There’s a big demand for designers in government. In this post, I’ll explain a few of the ways we work and the different types of design we do in government.
Over the years we’ve developed some ways of working that we find work well.
We build things
You’ll never see a double diamond here, or hear anyone use the word ‘innovation’. we only talk about the work we actually do – fixing stuff and making it better
All our designers can code
All our designers can code because we believe that like any other type of design, you need to understand the constraints of your medium – and ours is mostly the internet. We still don’t make wireframes for that reason. Front end developers work within our teams, and often designers will pair with developers to help them prototype things
User research is a separate expertise
Contrary to the rest of the design industry, we have separate user researchers and designers. They work together, always, but understanding the needs of every citizen is a full-time job. Equally, when you're designing at this scale, you should never mark your own homework by doing both design and research alone
All our designers are expected to spot and create new patterns
We identify then standardise commonly-repeating patterns to help save us time and improve the user experience. This is something that all designers contribute to.
Types of designer
Design is a broad field, with many different specialisms. We’ve split design into four distinct roles. No one of these roles is more senior than the other. Our roles are specialisms, not a hierarchy. We’ve created specialisms because we operate at a massive scale, and no one person can be good at everything. There’s no ‘right way to be a designer’ you can be one, or all of these things – with more chucked in for good measure.
The roles are based on what a designer is designing, not the effect that might have – it’s why we don’t have user experience designers. We believe the user experience is everyone's responsibility. Here’s a selection of the different disciplines.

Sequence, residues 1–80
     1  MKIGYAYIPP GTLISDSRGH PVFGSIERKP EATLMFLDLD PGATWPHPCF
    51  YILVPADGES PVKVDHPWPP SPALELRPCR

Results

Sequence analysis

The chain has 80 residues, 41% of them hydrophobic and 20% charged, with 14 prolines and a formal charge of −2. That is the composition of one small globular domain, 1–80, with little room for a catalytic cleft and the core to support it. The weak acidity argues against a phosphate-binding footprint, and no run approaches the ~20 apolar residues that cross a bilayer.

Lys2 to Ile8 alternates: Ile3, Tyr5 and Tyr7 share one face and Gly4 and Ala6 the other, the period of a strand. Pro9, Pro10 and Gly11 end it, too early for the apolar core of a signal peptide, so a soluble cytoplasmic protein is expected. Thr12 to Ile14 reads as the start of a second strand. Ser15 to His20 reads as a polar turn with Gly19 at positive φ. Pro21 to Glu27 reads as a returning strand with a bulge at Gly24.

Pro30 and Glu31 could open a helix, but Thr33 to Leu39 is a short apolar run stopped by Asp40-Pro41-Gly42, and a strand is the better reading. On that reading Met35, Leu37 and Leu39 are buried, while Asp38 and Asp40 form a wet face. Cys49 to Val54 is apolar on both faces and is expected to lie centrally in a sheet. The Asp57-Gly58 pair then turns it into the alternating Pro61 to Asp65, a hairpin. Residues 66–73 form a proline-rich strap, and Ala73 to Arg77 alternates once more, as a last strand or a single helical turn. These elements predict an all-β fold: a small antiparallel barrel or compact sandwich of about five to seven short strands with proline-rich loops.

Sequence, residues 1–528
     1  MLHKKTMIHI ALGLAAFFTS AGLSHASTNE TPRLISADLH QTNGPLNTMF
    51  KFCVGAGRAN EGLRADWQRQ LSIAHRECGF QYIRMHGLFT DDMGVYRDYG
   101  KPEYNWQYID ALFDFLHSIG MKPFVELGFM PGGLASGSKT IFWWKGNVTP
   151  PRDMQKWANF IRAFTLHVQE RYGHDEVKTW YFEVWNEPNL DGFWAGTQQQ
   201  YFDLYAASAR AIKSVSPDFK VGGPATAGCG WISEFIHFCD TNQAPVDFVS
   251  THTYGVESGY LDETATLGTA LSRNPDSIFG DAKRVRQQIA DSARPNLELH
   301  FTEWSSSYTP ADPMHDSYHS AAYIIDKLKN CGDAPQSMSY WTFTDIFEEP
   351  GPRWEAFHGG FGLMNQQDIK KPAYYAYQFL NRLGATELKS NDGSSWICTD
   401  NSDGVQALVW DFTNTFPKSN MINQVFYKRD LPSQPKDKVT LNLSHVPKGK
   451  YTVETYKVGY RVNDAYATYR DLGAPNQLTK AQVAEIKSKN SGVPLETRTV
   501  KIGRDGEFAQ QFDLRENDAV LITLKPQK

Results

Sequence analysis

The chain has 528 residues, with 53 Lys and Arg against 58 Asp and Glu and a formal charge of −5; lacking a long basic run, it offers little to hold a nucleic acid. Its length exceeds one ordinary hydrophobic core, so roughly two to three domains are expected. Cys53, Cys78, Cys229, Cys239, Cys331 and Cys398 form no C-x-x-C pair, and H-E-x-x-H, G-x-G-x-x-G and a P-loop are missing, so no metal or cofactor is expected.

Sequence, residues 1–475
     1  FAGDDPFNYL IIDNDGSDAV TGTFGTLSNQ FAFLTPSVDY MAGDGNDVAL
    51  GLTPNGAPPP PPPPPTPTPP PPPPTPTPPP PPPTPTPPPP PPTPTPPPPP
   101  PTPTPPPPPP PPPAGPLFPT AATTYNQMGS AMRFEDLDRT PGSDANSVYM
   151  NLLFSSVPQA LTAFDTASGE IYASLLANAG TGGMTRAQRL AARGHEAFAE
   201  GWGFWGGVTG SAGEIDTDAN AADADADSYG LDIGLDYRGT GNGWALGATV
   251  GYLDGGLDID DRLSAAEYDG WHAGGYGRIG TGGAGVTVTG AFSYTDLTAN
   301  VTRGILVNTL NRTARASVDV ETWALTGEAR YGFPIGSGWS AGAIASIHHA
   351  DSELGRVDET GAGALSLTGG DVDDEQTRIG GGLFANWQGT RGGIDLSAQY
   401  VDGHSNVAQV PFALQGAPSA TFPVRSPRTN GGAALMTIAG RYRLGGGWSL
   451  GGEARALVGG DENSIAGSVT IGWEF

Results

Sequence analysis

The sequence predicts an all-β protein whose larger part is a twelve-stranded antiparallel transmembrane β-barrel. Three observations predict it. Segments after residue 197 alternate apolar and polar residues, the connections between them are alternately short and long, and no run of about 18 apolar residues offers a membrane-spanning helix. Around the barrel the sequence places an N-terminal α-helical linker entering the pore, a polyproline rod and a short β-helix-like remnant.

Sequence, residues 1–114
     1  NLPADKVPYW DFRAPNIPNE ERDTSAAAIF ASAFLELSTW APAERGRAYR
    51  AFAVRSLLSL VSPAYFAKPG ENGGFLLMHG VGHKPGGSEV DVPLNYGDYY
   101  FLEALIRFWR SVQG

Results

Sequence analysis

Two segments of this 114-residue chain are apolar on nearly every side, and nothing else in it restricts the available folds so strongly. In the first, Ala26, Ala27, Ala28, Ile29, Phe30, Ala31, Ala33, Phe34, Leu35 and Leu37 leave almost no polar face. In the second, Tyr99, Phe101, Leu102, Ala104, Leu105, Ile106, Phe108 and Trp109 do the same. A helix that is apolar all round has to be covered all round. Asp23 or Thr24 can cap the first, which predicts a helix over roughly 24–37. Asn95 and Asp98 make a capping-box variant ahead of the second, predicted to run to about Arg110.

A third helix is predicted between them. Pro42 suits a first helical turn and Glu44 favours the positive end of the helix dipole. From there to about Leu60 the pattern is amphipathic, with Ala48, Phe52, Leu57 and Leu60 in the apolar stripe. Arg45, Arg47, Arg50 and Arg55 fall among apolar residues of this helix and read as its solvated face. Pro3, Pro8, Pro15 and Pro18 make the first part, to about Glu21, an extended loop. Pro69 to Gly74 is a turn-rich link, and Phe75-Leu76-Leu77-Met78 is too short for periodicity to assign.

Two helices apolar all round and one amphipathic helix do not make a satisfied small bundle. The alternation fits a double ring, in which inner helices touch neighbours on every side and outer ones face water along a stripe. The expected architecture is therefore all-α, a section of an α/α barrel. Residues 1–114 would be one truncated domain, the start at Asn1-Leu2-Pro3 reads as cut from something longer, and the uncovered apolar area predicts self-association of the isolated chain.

Service designers design services – from end to end, back to front – in all channels.
Given a set of policy intents and user needs, a service designer will devise what service meets both of these goals and how it works.
Most of this is focussed on redesigning existing services, but since most government services are a collection of isolated transactions and activities, our service designers work like archeologists – piecing together the fragments of a service and working out how that service needs to change to meet user needs. Sometimes this is a radical rethinking, sometimes this is a more gentle reduction in complexity.
To learn more about the way our service designers work, take a look at Harry Trimble’s blog post on designing services by building them or this blog post by me on what service design is in government.
Interaction designers design the detailed actions a user needs to make in order to use a service. That’s not just the ‘UI’ – it might be the exact pacing of a number of questions within transaction, or the order within a service where a ‘login’ is (or isn’t) appropriate.
They refine and shape user journeys and help remove complexity where it isn’t needed. They design for diverse users and platforms and ensure usability and accessibility of the service. They help identify gaps in product understanding, help plan user research and analytics and help inform the design of user journeys.